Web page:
Thursday, April 24, 2014
Easter Sunday was absolutely beautiful this year and the lush green countryside kept calling to me. And since it was Sunday, my favorite day to ride, I took off on the Buddy with no particular destination in mind.
On Olive Branch Road I passed this low-lying log cabin situated on a little fishing lake. I stopped to admire the view and watch some ducks paddle over the pond's glassy surface:
About 25 miles east of my neck of the woods in Clermont County is the East Fork Lake State Park. I decided to head out that way and do a little exploring.
The East Fork Lake is an "artificial" lake, which means years ago the Army Corps of Engineers basically flooded the valley and farmland and created this huge lake. Kind of like they did in "Deliverance" when they flooded the land to make that huge lake. Kind of fascinating, kind of creepy.
No banjos today, thankfully!
Anyway, the park has several access points and I entered it from the area where the camping sites are, which is off of Old SR 32.
Sadly all these camping sites are occupied by concrete parking pads for RVs! No tent camping so there went any idea of riding out here and camping solo or with a group on scoots! Boo hoo...
They do have primitive backpacking camping on the other side of the park, but I am a bit timid for that. Particularly since there have been multiple Big Foot sightings around the park! No, I am not kidding!
So I entered the park from Old SR 32 between Williamsburg and Batavia and parked my scoot at the camp store, hoping to get some maps and learn more about the park:
Here at the camp store I bought a tee shirt with a heron on it and a Payday bar and some lemonade to wet my whistle. The lady in the shop was very nice and offered me lots of information about the area.
I honestly had not been here in a few years and so got a good overview of what all is at the lake: boating, fishing, camping, hiking, mountain biking trails, a paved bike trail, horseback riding, and miniature golf to name a few of the many things to do at the lake. Also bird watching and Squatching should be added to the glossy brochure IMO!
I left the camp store and headed out into the camp site area to see what it was like. There were many sites and many of them were "pet friendly". The settings were quiet and nicely nestled back among the the trees and grassy slopes.
I counted very few campers and all of course in RVs. Lots of crepe myrtles and red buds and forsythia lent color to the sunny green backdrop of the woods.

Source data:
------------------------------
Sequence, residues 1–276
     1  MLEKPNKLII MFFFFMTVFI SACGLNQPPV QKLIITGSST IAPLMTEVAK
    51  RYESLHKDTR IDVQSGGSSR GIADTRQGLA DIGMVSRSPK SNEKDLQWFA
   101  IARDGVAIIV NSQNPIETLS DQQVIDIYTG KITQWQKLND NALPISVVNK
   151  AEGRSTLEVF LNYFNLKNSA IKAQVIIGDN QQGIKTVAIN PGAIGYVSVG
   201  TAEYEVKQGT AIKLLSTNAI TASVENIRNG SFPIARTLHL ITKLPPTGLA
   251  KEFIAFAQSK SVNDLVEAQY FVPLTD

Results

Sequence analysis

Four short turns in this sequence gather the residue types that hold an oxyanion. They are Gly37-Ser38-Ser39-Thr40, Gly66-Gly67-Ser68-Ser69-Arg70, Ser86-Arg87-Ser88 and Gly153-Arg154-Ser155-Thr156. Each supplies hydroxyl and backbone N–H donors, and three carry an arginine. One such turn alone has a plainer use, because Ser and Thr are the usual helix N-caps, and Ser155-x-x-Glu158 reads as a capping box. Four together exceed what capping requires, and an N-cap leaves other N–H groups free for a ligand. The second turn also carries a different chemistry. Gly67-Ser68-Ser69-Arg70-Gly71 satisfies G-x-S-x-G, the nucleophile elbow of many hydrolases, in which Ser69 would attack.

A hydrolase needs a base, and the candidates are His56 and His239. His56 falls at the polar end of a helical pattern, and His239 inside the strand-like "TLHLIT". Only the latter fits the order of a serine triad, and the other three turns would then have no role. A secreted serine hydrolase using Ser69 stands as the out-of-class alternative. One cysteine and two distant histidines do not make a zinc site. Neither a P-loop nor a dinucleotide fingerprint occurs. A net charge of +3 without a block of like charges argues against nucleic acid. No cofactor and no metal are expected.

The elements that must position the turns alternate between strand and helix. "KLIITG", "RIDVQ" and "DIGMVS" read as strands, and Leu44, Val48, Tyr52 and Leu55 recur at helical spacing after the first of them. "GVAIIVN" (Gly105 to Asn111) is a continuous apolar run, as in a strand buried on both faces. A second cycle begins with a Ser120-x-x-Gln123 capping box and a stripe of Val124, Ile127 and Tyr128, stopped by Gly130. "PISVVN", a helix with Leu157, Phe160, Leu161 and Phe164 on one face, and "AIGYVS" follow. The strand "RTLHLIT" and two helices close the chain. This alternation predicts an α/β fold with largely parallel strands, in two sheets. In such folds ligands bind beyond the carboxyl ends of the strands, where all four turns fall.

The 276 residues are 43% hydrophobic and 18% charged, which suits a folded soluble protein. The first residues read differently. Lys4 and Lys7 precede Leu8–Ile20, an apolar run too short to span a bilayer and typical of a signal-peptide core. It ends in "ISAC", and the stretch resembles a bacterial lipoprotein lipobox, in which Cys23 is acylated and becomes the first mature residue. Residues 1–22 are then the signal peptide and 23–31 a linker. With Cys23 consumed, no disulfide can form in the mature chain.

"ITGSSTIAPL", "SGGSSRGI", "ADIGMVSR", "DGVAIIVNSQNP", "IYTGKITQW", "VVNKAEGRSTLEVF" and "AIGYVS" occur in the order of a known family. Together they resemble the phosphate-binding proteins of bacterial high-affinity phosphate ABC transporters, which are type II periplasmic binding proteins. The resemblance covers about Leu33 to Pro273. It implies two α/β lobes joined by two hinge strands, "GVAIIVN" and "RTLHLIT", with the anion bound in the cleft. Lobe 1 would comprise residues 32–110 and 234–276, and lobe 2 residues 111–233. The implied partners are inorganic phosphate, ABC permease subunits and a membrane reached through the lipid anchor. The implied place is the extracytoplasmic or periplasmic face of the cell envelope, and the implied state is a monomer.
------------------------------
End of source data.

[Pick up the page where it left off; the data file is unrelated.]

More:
Down at the boat launch I looked out over the expanse of the lake where a few people had set up to fish from the outlying pier platform:
The boat launch was very busy with lots of boats being hauled out of and put into the water. They were lined up all along the parking lot waiting their turn:
Looking out over the water there was this island of trees which appeared pretty in the otherwise utilitarian setting of the boat launch frenzy:
Looking at this reminded me that this lake's creation actually flooded out and destroyed many farms and a few villages. Old timers will tell the stories though I am not sure there is really any definitive history detailing the scope of the lost villages and farmlands.
There is evidently some fine backpacking in the park and this website offers some additional facts about the East Fork lake and trails:
From this site:
"Head about 30 miles due south from Caesar Creek Lake and you'll hit the shores of William H. Harsha Lake (a.k.a East Fork Lake). This 2160-acre man-made lake created for flood control in 1978 is the centerpiece of East Fork State Park-one of Ohio's largest.
Man's history in this area dates back to 3,000 years ago when the mound building Hopewell and Adena Indians occupied the area. Some of their handiwork stills remains in the southern section of the park. Fast forward to the late 1860s, when gold was mined at two locations in the park's vicinity. This minor "rush" resulted in the formation of the Batavia Gold Mining Company, whose existence didn't last a year.
Like Caesar Creek, East Fork is located in the glaciated Till Plains, so expect similar topography. Despite advancing development from the west, low rolling wooded hill, abandoned farmlands and swampy lowlands create the park's landscape and lay protected inside the park's boundaries.
East Fork Wildlife area occupies approximately 2000 acres at the eastern one-third of the lake. The areas woodlands contain beech, sugar maple, red and white oak, shagbark hickory and wild black cherry trees. The wetter lowland forests are composed of silver maple, American elm, black gum and sycamore. The meadows and remnant prairies contain big blue stem grass, purple cone flower and more."
More about the park's history and natural beauty can be found here:
Also, if you're curious:
Tuesday, April 15, 2014
This past weekend was absolutely gorgeous! Spring was starting to burst out all over and I spent most of Saturday out on my Yamaha C3 scooter exploring the county and the nearby village of Batavia.
Then on Sunday we all took a car ride on Route 52 along the Ohio River, just exploring randomly and occasionally stopping to watch the barges go by.
In all this meandering I was in search of a Dogwood tree to photograph. I never found one!
The green was barely showing on most bushes and trees, though the sun was warm and the air was laden with that sweet spring freshness.
On Saturday I scooted over to the county seat, Batavia, a pretty little village nestled along the east fork of the Little Miami River.
There's a peaceful little cemetery there where I often stop to enjoy the woods and the quiet: